You could also, depending on what the actual profit margin is, you could potentially pay for that out of profits down the road especially if you don’t have the money to pay him upfront right now. If you could work something out, say, “This is how much it’s making, $800, I’ll give you $400 or $600 every month for the next x months until your time is paid off.” That’s another way to approach it. Essentially, you are using, I’ll say worker financing, to get the work done and still be able to pay for it. Because otherwise, you got to front the money and that might be difficult based on what situation you’re in.
But I would try a short term approach where you just do some consulting work together a little bit, feel things out, see if it works out. If it doesn’t, that’s the end of it and you’re good. If it does, then you can discuss where to go next and whether or not the business has an opportunity to succeed both of you putting time and effort into it. And then you can figure out what does that look like. In terms of valuation of what your time is worth and how much you’ve put into it, I would probably look to see how much is it currently worth today and you can guess about how much time and effort you’ve put into it but it may very well put the product completely out of reach of somebody buying into it.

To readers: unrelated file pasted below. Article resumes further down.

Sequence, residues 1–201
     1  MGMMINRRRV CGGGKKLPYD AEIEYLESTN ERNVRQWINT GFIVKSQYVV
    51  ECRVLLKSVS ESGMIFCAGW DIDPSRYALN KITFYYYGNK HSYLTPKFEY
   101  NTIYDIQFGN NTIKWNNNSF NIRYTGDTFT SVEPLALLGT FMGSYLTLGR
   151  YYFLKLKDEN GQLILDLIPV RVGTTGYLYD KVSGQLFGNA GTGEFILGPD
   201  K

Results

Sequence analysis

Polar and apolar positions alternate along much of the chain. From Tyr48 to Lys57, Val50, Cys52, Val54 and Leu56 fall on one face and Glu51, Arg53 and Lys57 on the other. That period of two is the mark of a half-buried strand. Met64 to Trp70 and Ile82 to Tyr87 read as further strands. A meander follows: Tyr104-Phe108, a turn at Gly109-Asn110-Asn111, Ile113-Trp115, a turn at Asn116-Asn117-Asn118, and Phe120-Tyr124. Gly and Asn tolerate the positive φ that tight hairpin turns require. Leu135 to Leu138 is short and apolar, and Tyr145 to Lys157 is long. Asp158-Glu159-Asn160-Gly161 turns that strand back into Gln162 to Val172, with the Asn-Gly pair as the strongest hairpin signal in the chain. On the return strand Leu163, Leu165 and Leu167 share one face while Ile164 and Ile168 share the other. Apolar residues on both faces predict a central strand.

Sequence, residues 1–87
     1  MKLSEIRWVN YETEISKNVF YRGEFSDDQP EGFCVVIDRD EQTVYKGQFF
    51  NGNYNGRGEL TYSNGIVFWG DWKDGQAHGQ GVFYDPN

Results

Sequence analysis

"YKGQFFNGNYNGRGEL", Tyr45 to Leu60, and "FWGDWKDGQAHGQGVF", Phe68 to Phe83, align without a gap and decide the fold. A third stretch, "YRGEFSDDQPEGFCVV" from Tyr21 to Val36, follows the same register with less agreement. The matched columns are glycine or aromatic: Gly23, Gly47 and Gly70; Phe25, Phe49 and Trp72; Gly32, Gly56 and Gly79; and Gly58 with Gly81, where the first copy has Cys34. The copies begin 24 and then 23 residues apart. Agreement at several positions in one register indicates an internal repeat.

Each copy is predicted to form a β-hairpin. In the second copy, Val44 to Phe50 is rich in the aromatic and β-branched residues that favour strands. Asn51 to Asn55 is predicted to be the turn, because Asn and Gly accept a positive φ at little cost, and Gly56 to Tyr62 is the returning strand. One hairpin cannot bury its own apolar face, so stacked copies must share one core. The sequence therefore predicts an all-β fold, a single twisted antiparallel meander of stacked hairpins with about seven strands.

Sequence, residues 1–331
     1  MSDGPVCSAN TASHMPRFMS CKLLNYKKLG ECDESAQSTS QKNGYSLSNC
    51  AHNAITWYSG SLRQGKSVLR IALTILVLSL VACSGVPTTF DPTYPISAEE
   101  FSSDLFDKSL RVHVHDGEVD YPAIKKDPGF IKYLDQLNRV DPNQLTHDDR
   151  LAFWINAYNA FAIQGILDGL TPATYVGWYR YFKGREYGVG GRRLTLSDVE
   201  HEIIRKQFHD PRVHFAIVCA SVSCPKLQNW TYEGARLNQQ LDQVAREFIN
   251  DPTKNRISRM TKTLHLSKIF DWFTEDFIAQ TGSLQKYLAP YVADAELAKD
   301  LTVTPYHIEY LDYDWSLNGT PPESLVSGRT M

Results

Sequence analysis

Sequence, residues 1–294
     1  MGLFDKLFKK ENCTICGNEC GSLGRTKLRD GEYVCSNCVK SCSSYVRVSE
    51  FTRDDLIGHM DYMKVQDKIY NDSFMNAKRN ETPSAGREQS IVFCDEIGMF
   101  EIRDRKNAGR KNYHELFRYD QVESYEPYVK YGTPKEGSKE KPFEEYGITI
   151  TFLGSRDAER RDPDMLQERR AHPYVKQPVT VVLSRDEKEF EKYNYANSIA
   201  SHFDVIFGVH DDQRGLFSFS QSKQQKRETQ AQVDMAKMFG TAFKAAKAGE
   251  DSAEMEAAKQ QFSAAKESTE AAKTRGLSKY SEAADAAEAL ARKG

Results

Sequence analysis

The other mechanism obviously is you could say, “Okay, we’ll buy it in a lower amount and then we both work x number of hours or you put in x number of hours in addition to what I’m putting in, to make up the difference. At that point they’re putting sweat equity into it and at some point, they’re vested at 50% or 25%, whatever the split between you two is. Those are the kinds of things that come to mind but Rob, what are your thoughts on this?
Rob: This is a tough one. Sometimes, handshake deals, honestly, can be a way to go if it’s someone like a long term friend and you really do trust the person. What I mean by that is, Chris said there’s no stock to split. He probably owns it personally, it’s not an entity on its own and it probably goes straight to his schedule C income on his tax returns so there’s nothing to give out. But I question if starting a LLC or even going so far as to formalize a partnership, I don’t know if that’s worth the effort given how little revenue it makes and how slow it’s growing.
I guess that’s where I would use my judgment. For example, if suddenly I had a side project and it was doing similar amounts of money and someone wanted to explore this opportunity, I do think that there would be a certain number of weeks or months where it would make sense to do the trial like you said and then if things work out and things do start growing, then you formalize it. That is something we did with DotNetInvoice. It was never really its own business entity but in the US, you can do something called just a partnership agreement. I think you can file that with the state, I don’t even remember but you basically sign a partnership agreement and there’s not stock but you can do an equity split.